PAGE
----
13 June 2012
12noon - 1pm
Venue: Room 303.561, City Campus
Department of Computer Science seminar by G Gimel'farb, P Delmas, and R Nicolescu.
Classical discrete global optimisation algorithms: dynamic programming (DP) and belief propagation (BP), built around Bellman's Principle of Optimality, presume well-posed problems with unique solutions. Ill-posed problems, being the most common in practice, are regularised to restore well-posedness. However, typical in a majority of applications heuristic regularisation does not guarantee that a set of multiple solutions for the same optimum is really reduced to a single solution. In the case of an ill-posed problem DP selects an arbitrary solution out of the set, but may not detect the ill-posedness, whereas BP detects the ill-posedness, but may not return the optimal solution.
We propose an alternative, called concurrent propagation (CP) , which combines basic BP and DP ideas and extends DP towards solving both well- and ill-posed problems. The CP determines whether the problem is well- or ill-posed, returns the unique solution of the former, and stores implicitly the entire set of solutions of the latter, while returns the two "most distant" optimal solutions, which can be considered as an envelope of the set. Structural analysis of the set stored could be used eg for developing or improving regularization of the problem. All the three algorithms: BP, CP, and DP - are of the same low time complexity and have similar space complexities. Some advantages of the CP are illustrated in application to the intrinsically ill-posed computational stereovision problem.
Patrice Delmas joined the Department of Computer Science at The University of Auckland in 2001. He holds a PhD from the National Polytechnic Institute Grenoble, France. He has been a convener for the annual Image and Vision Computing New Zealand Conference in 2006 and 2011, and is a winner of the 2011 $100K Spark Entrepreneurial Challenge award.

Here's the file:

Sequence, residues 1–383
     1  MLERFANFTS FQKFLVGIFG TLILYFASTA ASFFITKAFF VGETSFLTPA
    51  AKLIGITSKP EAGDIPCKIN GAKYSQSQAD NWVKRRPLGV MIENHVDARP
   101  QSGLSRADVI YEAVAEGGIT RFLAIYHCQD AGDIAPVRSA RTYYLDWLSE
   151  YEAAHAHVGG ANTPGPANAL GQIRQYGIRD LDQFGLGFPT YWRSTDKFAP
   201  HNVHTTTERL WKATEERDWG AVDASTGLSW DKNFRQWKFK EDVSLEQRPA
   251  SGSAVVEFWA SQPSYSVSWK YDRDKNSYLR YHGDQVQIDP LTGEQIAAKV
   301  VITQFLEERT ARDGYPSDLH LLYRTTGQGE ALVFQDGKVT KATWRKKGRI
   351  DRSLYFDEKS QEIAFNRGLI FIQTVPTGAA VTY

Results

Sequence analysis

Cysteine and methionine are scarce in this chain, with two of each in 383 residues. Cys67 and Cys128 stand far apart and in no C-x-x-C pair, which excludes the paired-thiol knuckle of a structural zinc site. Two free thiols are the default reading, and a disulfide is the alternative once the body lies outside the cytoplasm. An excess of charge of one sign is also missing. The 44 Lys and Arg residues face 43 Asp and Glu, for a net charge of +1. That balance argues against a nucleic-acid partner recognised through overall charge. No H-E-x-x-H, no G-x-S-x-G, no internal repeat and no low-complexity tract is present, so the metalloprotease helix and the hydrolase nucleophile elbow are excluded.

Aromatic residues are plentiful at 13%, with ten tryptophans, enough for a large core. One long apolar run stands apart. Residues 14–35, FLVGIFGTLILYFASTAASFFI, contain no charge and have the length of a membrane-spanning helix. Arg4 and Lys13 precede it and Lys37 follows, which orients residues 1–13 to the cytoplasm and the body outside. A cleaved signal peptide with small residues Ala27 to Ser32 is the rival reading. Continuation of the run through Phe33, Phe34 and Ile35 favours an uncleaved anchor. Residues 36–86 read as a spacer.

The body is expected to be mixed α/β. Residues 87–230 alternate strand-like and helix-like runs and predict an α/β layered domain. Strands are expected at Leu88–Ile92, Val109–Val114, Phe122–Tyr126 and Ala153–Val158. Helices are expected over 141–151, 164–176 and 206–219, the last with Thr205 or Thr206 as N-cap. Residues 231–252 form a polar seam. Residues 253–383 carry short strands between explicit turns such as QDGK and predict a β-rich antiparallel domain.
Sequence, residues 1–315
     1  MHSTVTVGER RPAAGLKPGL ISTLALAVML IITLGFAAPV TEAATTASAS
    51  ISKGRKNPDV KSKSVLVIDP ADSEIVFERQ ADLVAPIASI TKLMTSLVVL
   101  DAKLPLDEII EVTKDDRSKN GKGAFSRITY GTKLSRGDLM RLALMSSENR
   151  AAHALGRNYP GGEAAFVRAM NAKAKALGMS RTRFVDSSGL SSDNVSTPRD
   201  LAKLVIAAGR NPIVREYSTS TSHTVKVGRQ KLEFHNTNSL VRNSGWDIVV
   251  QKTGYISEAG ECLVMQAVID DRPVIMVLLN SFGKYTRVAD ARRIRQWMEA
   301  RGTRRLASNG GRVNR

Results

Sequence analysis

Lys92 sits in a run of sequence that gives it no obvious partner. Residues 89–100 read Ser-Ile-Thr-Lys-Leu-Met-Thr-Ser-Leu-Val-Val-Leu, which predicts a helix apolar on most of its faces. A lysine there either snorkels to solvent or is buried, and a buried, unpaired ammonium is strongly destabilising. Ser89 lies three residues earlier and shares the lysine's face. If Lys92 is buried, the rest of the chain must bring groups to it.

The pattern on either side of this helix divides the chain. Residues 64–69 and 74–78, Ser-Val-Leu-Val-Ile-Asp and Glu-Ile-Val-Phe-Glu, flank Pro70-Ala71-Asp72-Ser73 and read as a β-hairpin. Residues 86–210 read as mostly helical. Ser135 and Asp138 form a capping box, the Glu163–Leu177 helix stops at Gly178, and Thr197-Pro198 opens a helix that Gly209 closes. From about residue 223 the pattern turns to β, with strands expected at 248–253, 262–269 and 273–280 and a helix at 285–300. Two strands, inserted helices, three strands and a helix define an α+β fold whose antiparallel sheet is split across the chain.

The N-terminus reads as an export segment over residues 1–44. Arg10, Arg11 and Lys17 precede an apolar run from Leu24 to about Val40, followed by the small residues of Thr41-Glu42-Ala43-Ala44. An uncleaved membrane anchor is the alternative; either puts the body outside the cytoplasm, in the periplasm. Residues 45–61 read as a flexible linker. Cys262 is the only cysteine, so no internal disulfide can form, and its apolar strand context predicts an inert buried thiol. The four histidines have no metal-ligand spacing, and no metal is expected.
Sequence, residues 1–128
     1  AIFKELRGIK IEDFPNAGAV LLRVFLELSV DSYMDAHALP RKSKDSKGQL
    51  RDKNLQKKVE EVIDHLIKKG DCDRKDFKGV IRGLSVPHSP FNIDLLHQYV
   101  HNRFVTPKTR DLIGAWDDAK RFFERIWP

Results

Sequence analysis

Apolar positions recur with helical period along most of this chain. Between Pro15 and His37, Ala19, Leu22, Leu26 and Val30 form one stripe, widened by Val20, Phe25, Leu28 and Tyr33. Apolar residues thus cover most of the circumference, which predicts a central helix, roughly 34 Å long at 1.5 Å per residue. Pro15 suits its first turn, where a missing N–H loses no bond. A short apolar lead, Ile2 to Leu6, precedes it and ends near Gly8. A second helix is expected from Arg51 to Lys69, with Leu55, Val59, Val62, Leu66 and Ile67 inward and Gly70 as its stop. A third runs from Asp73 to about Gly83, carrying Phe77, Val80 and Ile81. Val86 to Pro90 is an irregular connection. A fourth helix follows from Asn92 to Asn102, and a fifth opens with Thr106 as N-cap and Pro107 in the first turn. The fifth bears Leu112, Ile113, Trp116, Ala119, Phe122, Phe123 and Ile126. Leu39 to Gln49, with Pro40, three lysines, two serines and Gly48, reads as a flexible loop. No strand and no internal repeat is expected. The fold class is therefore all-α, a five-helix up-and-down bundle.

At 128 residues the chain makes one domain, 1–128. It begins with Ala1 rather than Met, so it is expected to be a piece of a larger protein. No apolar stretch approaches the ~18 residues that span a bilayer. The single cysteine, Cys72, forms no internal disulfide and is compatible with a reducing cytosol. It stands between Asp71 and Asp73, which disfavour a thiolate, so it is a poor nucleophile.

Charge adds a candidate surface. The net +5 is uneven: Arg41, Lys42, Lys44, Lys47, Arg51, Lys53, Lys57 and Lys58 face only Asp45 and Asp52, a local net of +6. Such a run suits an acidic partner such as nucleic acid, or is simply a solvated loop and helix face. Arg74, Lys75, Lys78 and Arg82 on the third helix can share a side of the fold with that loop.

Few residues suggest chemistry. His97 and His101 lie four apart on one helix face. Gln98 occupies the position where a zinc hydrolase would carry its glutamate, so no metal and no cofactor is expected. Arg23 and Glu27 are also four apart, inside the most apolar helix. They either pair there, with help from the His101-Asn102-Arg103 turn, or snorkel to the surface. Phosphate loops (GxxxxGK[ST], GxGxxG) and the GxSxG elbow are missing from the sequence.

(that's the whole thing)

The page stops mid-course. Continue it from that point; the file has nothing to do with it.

Georgy Gimel'farb joined the Department of Computer Science at The University of Auckland in 1997. He holds a PhD from the Institute of Cybernetics of the Academy of Sciences of Ukraine, Kiev, Ukraine, and a DSc (Eng) from the Higher Certifying Commission of the USSR, Moscow. He has been a track (2008) and an area chair (2010) of the biannual IAPR International Conference on Pattern Recognition and is a coorganiser of the biannual Joint IAPR International Workshops on Statistical, Syntactic, and Structural Pattern Recognition (S+SSPR 2012).
Patrice and Georgy are co-founders of Intelligent Vision Systems Lab and (together with John Morris) Photogrammetric Lab at the department,
Radu Nicolescu joined the Department of Computer Science at The University of Auckland in 1994. He holds a Doctor in Mathematics (PhD) from the University of Bucharest, Romania. He is a director of the Communication and Information Technology research group, CITR, and has initiated (together with Michael Dinneen) the Parallel and Distributed Computing research profile. Radu was an invited speaker at the 12th International Conference on Membrane Computing, CMC 2011.